TUSCALOOSA , Ala. (WBRC) - This week, state lawmakers will debate over a bill that would require Alabama public schools to play the national anthem at least once a week and at sporting events.
Senator Gerald Allen said requiring schools in the state to play the national anthem is about American history and patriotism. He added that so many students who aren’t involved in sports or after school activities don’t get a chance to hear the “Star-Spangled Banner.”
If passed, this bill would regulate that school boards across the state mandate how the national anthem be played in school once a week, whether that be through song or instrument.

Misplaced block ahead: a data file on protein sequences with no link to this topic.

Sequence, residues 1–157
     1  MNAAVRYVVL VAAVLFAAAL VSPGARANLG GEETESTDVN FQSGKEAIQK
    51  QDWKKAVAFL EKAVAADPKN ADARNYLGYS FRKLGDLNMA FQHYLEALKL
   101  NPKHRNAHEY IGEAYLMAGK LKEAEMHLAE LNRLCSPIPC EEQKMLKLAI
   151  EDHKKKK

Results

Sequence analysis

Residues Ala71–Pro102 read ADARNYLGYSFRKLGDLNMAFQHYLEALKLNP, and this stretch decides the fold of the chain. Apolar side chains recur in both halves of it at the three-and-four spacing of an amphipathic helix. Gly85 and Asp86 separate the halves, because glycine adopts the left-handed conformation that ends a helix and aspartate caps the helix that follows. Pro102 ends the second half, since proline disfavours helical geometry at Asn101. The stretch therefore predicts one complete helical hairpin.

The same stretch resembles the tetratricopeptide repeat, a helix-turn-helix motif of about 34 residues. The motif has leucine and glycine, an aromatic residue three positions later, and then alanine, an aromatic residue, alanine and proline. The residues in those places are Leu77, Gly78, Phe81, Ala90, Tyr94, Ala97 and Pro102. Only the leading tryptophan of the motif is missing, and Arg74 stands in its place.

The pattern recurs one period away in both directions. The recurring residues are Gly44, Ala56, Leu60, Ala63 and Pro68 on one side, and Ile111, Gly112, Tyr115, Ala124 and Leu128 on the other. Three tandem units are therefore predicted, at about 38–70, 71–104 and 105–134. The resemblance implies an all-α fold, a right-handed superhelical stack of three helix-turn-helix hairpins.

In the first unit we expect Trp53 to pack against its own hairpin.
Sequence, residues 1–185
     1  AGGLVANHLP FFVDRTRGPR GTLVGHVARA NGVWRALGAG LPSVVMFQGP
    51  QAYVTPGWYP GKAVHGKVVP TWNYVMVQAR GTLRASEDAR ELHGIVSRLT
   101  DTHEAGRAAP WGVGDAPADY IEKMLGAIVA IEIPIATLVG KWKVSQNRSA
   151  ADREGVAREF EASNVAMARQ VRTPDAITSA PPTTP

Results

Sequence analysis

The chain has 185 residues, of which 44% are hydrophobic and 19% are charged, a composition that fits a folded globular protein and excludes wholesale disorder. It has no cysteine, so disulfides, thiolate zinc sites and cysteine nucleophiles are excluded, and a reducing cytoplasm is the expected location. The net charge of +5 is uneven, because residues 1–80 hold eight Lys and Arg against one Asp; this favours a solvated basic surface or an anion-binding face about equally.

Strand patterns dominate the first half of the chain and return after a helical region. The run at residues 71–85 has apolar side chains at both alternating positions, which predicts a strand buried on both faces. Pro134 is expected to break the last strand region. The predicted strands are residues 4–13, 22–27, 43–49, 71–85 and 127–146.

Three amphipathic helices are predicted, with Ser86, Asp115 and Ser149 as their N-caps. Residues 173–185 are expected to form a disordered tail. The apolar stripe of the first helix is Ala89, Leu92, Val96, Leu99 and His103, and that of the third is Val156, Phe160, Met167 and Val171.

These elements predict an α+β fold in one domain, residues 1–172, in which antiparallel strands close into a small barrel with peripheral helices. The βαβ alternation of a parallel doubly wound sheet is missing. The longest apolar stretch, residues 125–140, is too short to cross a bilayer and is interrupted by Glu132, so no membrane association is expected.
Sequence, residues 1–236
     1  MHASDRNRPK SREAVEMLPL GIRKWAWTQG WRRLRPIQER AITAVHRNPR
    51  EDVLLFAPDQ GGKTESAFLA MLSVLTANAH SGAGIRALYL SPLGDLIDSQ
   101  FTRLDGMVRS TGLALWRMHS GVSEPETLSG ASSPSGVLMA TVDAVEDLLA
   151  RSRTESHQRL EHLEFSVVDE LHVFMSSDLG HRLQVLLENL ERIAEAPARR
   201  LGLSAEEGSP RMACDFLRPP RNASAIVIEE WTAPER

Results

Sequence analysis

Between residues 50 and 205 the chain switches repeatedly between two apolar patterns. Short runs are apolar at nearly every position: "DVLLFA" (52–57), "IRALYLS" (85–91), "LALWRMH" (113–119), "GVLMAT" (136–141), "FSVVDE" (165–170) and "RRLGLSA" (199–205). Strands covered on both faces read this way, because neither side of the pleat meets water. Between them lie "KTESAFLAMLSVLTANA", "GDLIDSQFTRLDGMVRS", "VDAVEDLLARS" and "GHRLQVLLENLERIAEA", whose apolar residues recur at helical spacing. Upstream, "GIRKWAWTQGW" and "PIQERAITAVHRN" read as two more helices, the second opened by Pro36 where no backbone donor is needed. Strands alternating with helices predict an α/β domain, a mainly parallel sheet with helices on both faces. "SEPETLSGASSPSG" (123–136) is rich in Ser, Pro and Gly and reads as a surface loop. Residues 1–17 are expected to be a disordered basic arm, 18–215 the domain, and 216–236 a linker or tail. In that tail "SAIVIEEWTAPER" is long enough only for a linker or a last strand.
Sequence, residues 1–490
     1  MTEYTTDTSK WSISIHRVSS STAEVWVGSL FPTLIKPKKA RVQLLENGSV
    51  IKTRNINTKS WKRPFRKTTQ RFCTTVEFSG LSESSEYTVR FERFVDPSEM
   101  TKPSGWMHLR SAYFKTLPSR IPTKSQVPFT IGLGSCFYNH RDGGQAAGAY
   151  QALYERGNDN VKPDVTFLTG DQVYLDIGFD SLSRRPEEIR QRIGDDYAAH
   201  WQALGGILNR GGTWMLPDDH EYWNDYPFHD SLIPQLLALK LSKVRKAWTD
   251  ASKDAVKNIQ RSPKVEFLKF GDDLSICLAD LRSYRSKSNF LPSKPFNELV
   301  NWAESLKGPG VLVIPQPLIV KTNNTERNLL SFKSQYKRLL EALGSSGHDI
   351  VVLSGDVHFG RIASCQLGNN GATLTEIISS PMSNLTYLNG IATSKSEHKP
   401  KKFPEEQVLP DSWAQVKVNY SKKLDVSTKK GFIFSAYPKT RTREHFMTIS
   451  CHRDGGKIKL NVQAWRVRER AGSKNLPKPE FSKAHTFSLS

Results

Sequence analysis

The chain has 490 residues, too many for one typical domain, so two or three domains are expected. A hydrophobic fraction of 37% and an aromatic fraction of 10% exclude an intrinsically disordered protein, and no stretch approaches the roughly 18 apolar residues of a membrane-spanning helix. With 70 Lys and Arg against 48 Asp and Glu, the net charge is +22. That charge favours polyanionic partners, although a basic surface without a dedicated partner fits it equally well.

Although the bill doesn’t state any students, or school staff would be disciplined for peacefully protesting it, some community members are still uneasy about the whole idea.
“Parents who object to it are going to appear unpatriotic, explain to me the benefits again in light of all the controversy surrounding the ‘Star-Spangled Banner,’” said Jerry Carter, former NAACP Tuscaloosa Co. Chapter President.
“The national anthem as we know it is very fitting and represents America very well because we are all Americans,” said Alabama Senator Gerald Allen.
Senator Allen said he believes they have the votes supporting the bill, to pass it. This Wednesday, it will go to committee for a second reading.